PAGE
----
Danny brought the car to a halt. A quick look in the rear view mirror provided a glimpse of four children lying on the road, limbs arranged at odd angles. Their schoolmates looked on in horror. Some were crying. Some screamed. The two women came running towards him, filling the air with hate-filled invectives.

‘This is not my fault,’ he declared, taking his foot off the brake and accelerating away. ‘Not my fault.’

‘I think,’ said the car with a calmness that belied the situation, ‘you had better let me drive.’

‘Yes,’ Danny agreed. ‘You should never have left me in charge in the first place.’

He was shivering now. It felt like millions of tiny icicles had penetrated his skin and were melting into his bloodstream. ‘Why didn’t you stop me? You’re supposed to prevent me breaking the speed limit. That’s what you’re programmed to do. This is your fault.’

He turned the heating up to max. The car left the idyllic village of Chumley Wick and accelerated to the maximum permitted speed of 60 miles per hour,

Danny realised Mozart was still playing. It was music he never wanted to hear again. ‘Kill the stereo,’ he commanded.

The car did as it was told then said, ‘Perhaps you should put your wristy back on and heed its advice.’

‘Yes.’ Danny nodded eagerly. ‘I need to medicate myself. That’s the problem, isn’t it? What caused the accident. A lack of medication which isn’t my fault. Not my fault at all.’

He grabbed the watch from the ashtray and slipped it over his wrist. Its sensors monitored his heart rate and body temperature. It sniffed his blood to determine its chemical content. After ten seconds, it bleeped to show it had a readout for him.

Danny read its recommendation. 400 mg of cambitol, 60 mg of methium and 1 tab of Fromoxodin.

He found the requisite meds and washed them down with the last of the miniatures from his hotel suite.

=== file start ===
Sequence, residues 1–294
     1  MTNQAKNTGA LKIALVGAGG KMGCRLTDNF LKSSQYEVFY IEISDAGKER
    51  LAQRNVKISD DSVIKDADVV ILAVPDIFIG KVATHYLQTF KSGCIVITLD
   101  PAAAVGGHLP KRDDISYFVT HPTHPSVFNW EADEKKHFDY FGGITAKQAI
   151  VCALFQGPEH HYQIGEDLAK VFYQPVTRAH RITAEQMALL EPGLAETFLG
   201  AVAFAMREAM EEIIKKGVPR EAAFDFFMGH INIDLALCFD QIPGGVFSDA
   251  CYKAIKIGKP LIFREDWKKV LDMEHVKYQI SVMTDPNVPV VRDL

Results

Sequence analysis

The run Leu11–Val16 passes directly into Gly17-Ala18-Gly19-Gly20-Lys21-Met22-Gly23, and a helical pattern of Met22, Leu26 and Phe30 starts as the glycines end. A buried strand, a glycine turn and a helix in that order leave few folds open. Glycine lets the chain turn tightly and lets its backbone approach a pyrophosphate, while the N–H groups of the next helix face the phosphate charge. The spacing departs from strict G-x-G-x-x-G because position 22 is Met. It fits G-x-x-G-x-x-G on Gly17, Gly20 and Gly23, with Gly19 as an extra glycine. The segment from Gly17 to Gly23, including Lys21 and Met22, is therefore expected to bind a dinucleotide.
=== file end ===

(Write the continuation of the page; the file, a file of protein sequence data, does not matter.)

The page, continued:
The car passed a refugee camp. Its razor-wired perimeter seemed to go on forever.

Again he felt a pang of pity for its reluctant inhabitants.

It’s me who should be locked up, not them.

‘We’ve got to go back,’ he said.

‘Back where?’ said the car.

‘Back to the scene of the accident. I’ve got to help those poor kids.’

‘You can’t help them.’

‘Then take me to the nearest police station. I want to hand myself in.’

‘Sure,’ said the car. ‘Nearest police station it is.’

Danny stopped shivering. His pulse returned to near-normal. He felt a pleasing tickle in his brain as the Fromoxodin began to take effect.

Closing his eyes, he wondered how many years he’d have to serve. Maybe a good lawyer could get him off. Because it wasn’t his fault. Because something must have malfunctioned in the car. Because he was on Fromoxodin and everyone knew that stuff made people do bad things, like ploughing into groups of schoolchildren.

‘We’re here,’ said the car.

Danny opened his eyes. The car had come to a halt.

Must have dozed off. It took him a few seconds to realise he was back in the hotel’s underground car park. ‘This isn’t a police station.’


‘I told you to take me to a police station.’

‘That is correct.’

‘Then why didn’t you?’

‘There was no need.’

‘I killed those children. I have to atone for it. I have to be punished.’

‘You didn’t kill anyone. For the past two hours, you’ve been sitting here hallucinating.’

‘You’re lying.’

‘You deliberately took the wrong medication. It’s a wonder you’re not a dribbling vegetable.’

‘I don’t believe you.’

‘Fine. I’ll take you to a police station then.’

‘No. Let’s not do anything rash. I need to think this through.’

‘And I need a new owner,’ said the car. ‘You are seriously doing my head in.’